April 14, 2014
Article by Global Pre-Meds
Hospital doctor shadowing & global health experience programs.
A dental technician or dental technologist is responsible for making various dental appliances including bridges, crowns, dentures, dental braces and orthodontic appliances. Dental technicians work to the prescription of the dentist for each patient. Their work helps improve patients’ appearance and also helps improve patients’ speech and ability to chew. Without the services offered by a dental technologist, dentists would not be able to offer the full range of services to their patients.
A high degree of technical skill and a high level of manual dexterity are essential skills in this profession.
There are four specialist areas with this specialty:
Prosthodontics technicians specialise in designing and making dentures, which can be made of acrylic or chrome cobalt
Orthodontic technicians specialising in designing and making braces to align proper tooth positions
Conservation technicians focus on crown and bridge work using a wide range of materials, including porcelain, gold or metal alloys
Maxillo-facial technicians or maxillofacial prosthetists are in great demand in hospital oral surgery, ophthalmic, burns and cancer units, where they help to reconstruct faces damaged by disease or accident.
A dental technician can choose to work as a generalist producing a wide variety of technical items or they can choose to specialise in any one of the above areas.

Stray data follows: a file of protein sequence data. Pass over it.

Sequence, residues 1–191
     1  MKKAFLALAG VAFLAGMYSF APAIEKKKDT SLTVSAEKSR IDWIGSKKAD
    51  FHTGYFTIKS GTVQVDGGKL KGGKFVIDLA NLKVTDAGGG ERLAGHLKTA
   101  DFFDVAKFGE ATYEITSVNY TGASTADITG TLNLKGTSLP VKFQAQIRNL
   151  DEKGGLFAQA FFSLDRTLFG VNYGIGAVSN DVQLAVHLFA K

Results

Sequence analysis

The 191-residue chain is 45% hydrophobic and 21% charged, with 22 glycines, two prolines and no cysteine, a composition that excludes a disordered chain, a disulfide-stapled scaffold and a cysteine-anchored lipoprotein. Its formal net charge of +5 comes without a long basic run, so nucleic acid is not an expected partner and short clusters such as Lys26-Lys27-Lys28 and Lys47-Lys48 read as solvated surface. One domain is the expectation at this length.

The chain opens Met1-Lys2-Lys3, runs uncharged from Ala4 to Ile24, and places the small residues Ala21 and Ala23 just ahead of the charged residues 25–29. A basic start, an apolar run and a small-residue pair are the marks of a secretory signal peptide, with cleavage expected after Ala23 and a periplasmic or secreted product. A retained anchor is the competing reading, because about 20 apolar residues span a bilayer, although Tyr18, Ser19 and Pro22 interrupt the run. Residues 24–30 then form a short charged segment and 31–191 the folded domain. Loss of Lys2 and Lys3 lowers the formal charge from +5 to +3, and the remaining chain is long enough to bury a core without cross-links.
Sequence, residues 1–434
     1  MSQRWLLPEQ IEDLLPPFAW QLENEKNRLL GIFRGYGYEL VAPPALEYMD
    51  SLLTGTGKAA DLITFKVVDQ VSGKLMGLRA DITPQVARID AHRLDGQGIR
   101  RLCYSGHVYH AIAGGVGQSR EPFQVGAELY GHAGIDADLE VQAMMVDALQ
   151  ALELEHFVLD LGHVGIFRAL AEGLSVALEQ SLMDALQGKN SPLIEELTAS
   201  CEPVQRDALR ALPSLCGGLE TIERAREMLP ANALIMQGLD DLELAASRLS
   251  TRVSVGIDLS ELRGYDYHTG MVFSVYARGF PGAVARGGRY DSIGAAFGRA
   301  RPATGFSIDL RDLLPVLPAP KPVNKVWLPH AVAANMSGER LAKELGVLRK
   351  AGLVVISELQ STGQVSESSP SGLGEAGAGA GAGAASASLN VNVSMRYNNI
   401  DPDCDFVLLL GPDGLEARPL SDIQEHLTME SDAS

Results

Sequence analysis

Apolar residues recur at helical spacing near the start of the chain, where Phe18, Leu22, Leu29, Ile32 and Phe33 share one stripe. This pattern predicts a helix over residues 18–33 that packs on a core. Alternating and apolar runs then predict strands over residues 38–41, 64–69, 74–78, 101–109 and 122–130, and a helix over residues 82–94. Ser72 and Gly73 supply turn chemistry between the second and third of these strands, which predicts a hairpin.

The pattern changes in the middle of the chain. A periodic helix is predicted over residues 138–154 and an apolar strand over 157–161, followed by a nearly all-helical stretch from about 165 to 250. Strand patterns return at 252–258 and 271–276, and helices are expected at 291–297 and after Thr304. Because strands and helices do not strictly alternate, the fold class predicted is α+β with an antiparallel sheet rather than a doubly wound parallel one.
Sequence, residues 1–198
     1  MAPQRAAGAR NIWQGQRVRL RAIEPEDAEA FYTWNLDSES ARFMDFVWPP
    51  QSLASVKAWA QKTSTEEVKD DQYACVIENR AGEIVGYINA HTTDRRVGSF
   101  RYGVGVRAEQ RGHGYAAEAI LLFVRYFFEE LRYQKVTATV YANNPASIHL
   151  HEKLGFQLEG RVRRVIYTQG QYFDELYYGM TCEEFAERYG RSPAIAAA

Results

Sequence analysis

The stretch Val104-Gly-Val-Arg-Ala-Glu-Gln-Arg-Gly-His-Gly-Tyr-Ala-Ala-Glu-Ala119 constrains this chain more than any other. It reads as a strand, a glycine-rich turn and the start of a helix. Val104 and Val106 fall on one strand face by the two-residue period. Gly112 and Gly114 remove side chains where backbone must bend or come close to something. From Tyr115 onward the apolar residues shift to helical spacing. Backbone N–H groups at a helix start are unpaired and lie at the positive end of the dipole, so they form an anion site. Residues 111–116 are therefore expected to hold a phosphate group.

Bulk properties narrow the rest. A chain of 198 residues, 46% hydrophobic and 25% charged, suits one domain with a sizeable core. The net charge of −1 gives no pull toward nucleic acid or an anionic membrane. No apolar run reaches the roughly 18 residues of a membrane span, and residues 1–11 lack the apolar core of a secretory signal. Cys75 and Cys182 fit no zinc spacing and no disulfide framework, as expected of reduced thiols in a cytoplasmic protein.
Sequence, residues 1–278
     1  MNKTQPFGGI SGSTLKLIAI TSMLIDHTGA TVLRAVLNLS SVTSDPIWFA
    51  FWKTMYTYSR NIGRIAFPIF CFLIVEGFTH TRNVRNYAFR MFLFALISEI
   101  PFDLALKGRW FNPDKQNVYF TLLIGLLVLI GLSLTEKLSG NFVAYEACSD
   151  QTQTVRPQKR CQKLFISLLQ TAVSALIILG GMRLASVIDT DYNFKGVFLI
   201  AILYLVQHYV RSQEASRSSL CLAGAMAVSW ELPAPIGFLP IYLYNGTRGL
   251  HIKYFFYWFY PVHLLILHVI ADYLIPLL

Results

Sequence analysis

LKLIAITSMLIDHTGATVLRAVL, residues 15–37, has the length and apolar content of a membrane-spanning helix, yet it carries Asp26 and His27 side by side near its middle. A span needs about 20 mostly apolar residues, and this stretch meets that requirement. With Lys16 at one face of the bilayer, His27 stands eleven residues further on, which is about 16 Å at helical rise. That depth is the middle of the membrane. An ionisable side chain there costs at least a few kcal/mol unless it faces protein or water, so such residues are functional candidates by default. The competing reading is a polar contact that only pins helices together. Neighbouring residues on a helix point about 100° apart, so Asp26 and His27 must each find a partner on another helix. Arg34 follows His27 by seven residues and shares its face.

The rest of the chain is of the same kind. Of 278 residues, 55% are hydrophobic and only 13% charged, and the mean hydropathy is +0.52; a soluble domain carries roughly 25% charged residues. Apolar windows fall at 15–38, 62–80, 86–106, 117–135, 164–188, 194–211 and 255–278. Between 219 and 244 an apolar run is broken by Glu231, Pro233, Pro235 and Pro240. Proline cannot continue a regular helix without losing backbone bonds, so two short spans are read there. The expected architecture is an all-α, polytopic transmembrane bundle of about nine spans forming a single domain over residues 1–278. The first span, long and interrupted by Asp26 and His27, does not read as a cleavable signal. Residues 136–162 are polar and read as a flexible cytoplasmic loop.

You must be registered with the GDC or General Dental Council to work as a dental technician.
To be able to register, you should have successfully completed a course that has been approved by General Dental Council. Completing a recognised course leads to qualifications such as the BTEC National Diploma in Dental Technology or a BSc (Hons) degree in Dental Technology. You could also complete a foundation degree, in which case you would normally be employed as a trainee dental technician.
BSc (Hons) degrees are usually full-time courses conducted by universities or dental schools.
The BTEC National Diploma or foundation degree course can be done on a full-time basis or by obtaining a post as a trainee dental technician and taking the course part-time.
The majority of dental technicians are employed in commercial dental laboratories, which could range from small, family-run businesses to large multi-site laboratories offering a comprehensive service. Jobs for dental technicians are also available within hospitals, general dental practices and the armed forces.
Technicians usually carry out work for local dentists although some laboratories offer a postal service, dealing with dentists from a wide area.
A technician working in a dental hospital may be attached to the maxillofacial department and be involved with making larger prostheses including eyes, ears and nose.
Dental technicians can also be involved in research or teach undergraduate dental students some of the technical aspects of dentistry.
Additional qualifications allow a technician to become an instructor technician. Or there is the option of becoming a senior technician with responsibility for quality control or management within a larger laboratory. Another possibility is within sales for a laboratory or trade company.